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Course Descriptions

Engineering Science

Curriculum Structure

The Rose-Hulman / Foundation Coalition Sophomore Engineering Curriculum consists of eight courses (30 credit hours) taken over the three quarters of the sophomore year. As shown below the courses are listed as either mathematics (MA) or engineering science (ES) courses:

FALL QUARTER . . . . . . . . . . . . . . . . . . . . . . . . . . . . . . . . . 12 Credit Hours

MA 211 Differential Equations (4)
ES 201 Conservation & Accounting Principles (4)
ES 203 Electrical Systems (4)

WINTER QUARTER . . . . . . . . . . . . . . . . . . . . . . . . . . . . . . . 10 Credit Hours

MA 212 Matrix Algebra & Systems of Differential Equations (4)
ES 202 Fluid & Thermal Systems (3)
ES 204 Mechanical Systems (3)

SPRING QUARTER . . . . . . . . . . . . . . . . . . . . . . . . . . . . . . . . 8 Credit Hours

MA 223 Statistics for Engineers (4)
ES 205 Analysis & Design of Engineering Systems (4)

TOTAL . . . . . . . . . . . . . . . . . . . . . . . . . . . . . . . . . . . . . . . . . . . 30 Credit Hours

Curriculum Goals
This set of courses has been designed so that students who participate in this program should

  • develop a strong background in engineering science,

  • develop an understanding of modeling,

  • be able to apply a common problem-solving approach built around the application of conservation and accounting principles and constitutive relations,

  • continue to develop effective communication skills,

  • be proficient in applying standard statistical procedures and quality control concepts,

  • develop a strong background in mathematics,

  • be encouraged to be inquisitive and self-motivated learners,

  • develop an appreciation for engineering as a profession and begin to develop an identity as an engineer,

  • be able to work effectively in teams and recognize the importance of individual responsibility in team efforts,

  • be able to apply computer tools appropriately,

  • be comfortable working with ambiguity,

  • be familiar with the overall design process,

  • be able to locate and retrieve both technical and non-technical information,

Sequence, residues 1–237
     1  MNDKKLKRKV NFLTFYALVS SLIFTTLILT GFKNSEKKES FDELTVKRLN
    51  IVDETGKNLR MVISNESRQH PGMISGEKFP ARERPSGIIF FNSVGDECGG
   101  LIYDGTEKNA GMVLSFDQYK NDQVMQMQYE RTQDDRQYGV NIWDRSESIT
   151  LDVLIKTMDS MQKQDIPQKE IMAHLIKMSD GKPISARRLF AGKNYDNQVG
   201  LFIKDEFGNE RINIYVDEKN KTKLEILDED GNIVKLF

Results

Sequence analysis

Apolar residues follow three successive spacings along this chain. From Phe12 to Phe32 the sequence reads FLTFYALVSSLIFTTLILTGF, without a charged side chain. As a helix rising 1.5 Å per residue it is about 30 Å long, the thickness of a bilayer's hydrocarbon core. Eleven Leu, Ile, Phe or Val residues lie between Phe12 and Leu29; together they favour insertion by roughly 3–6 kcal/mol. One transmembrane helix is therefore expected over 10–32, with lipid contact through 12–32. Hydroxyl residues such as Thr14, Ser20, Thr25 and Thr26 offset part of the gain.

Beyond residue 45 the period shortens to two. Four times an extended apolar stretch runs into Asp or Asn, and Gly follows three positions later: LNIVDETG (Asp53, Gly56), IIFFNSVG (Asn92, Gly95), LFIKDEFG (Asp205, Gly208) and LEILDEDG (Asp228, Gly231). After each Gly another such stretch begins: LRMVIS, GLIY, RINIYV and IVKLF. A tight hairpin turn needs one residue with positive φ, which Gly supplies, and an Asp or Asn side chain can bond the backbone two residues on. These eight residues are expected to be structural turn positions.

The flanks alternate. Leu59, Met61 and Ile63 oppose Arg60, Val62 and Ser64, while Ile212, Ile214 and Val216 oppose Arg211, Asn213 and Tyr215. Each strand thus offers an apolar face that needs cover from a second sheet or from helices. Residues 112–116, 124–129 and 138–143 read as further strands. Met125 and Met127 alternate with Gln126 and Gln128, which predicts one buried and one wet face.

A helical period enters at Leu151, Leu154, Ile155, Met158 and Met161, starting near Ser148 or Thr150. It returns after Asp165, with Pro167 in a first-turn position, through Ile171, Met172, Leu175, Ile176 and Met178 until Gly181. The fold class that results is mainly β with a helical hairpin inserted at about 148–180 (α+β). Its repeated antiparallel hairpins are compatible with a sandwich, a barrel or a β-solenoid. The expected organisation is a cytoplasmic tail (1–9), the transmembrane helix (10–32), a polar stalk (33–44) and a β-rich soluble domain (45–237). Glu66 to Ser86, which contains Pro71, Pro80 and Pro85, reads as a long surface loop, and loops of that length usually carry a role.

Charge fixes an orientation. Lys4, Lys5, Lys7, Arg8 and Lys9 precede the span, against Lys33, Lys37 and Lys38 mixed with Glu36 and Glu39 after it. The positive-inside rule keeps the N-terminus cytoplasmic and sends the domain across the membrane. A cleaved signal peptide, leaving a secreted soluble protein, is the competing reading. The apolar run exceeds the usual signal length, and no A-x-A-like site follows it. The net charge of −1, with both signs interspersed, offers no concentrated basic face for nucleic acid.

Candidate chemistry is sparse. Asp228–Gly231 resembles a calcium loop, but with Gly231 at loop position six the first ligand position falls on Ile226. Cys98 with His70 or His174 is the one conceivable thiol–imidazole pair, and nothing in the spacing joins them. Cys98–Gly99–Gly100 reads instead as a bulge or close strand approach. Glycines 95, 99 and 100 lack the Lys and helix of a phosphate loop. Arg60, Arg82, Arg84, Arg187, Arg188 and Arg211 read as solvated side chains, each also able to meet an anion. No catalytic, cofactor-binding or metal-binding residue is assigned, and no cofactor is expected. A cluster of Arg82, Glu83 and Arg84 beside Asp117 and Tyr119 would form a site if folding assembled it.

• be introduced to safe and effective use of instruments,

  • appreciate the role of creativity in engineering,

  • develop a recognition of the benefits of the new curriculum, and

  • be encouraged to have fun learning.

Each course in the curriculum has been developed around a set of course goals and objectives that support these seventeen curriculum goals.

Engineering Science - Course Descriptions

ES 201 Conservation & Accounting Principles 4R-0L-4C
Prerequisites: EM 121 Statics & Mechanics of Materials I 4R-0L-4C F, W, S, and MA 113 Calculus III 5R-0L-5C F,W,S, and PH 111 Physics I 3.5R-1.5L-4C F,W
Corequisites: There are no corequisites for this course.

A common framework for engineering analysis is developed using the concepts of a system, accounting and conservation of extensive properties, constitutive relations, constraints, and modeling assumptions. Conservation equations for mass, charge, momentum and energy, and an entropy accounting equation are developed. Applications taken from all engineering disciplines stress constructing solutions from basic principles.

ES 202 Fluid Systems 2 2/3R-1L-3C
Prerequisites: *with a grade of C or better
Corequisites: There are no corequisites for this course.

Extend the conservation and accounting framework to examine fluid motion. Topics include dimensional analysis, pressure variation in both stationary and moving fluids, viscous effects including boundary layers, laminar and turbulent flow. Applications include lift and drag, pipe flow, compressible flow. Fundamental concepts are enriched by laboratory experiences.

ES 203 Electrical Systems 0C
Prerequisites: MA 113 Calculus III 5R-0L-5C F,W,S, and PH 112 Physics II 3.5R-1.5L-4C W,S,F, and EM 121 Statics & Mechanics of Materials I 4R-0L-4C F, W, S or EM 120 Engineering Statics 4R-0L-4C F, S
Corequisites: There are no corequisites for this course.

Circuit elements, Kirchhoff's laws, equivalent circuits, voltage and current dividers, and analysis techniques for both DC and the phasor domain. AC circuits and power. Operational amplifiers. Integral laboratory.

ES 204 Mechanical Systems 2 2/3R-1L-3C
Prerequisites: ES 201 Conservation & Accounting Principles 4R-0L-4C F, S*, ME 123 Computer Programming 4R-0L-4C F,W,S** or BE 100 Problem Solving in the Biological Sciences & Engineering 3R-3L-4C S** or CSSE 120 Introduction to Software Development 3R-3L-4C F,W,S** *ES 201 with a grade of C or better ** or equivalent
Corequisites: ES 202 Fluid Systems 2 2/3R-1L-3C

Conservation and accounting equations applied to mechanical systems. Kinematics and kinetics of particles in space and of rigid bodies in plane motion.

ES 205 Analysis & Design of Engineering Systems 3R-3L-4C
Prerequisites: ES 203 Electrical Systems 0C F,W,S* or ECE 203 DC Circuits 3R-3L-4C S, F*, and ES 204 Mechanical Systems 2 2/3R-1L-3C S, F, and MA 211 Differential Equations 4R-0L-4C F,W,S *with a grade of C or better
Corequisites: There are no corequisites for this course.

Conservation and accounting principles are used to model engineering systems comprising mechanical, electrical, fluid, and thermal elements. Dynamic behavior and performance criteria are characterized in the time and frequency domains. Topics include block diagrams, deriving and solving differential equations of motion, experimental parameter identification and model validation, teaming, and reporting engineering results.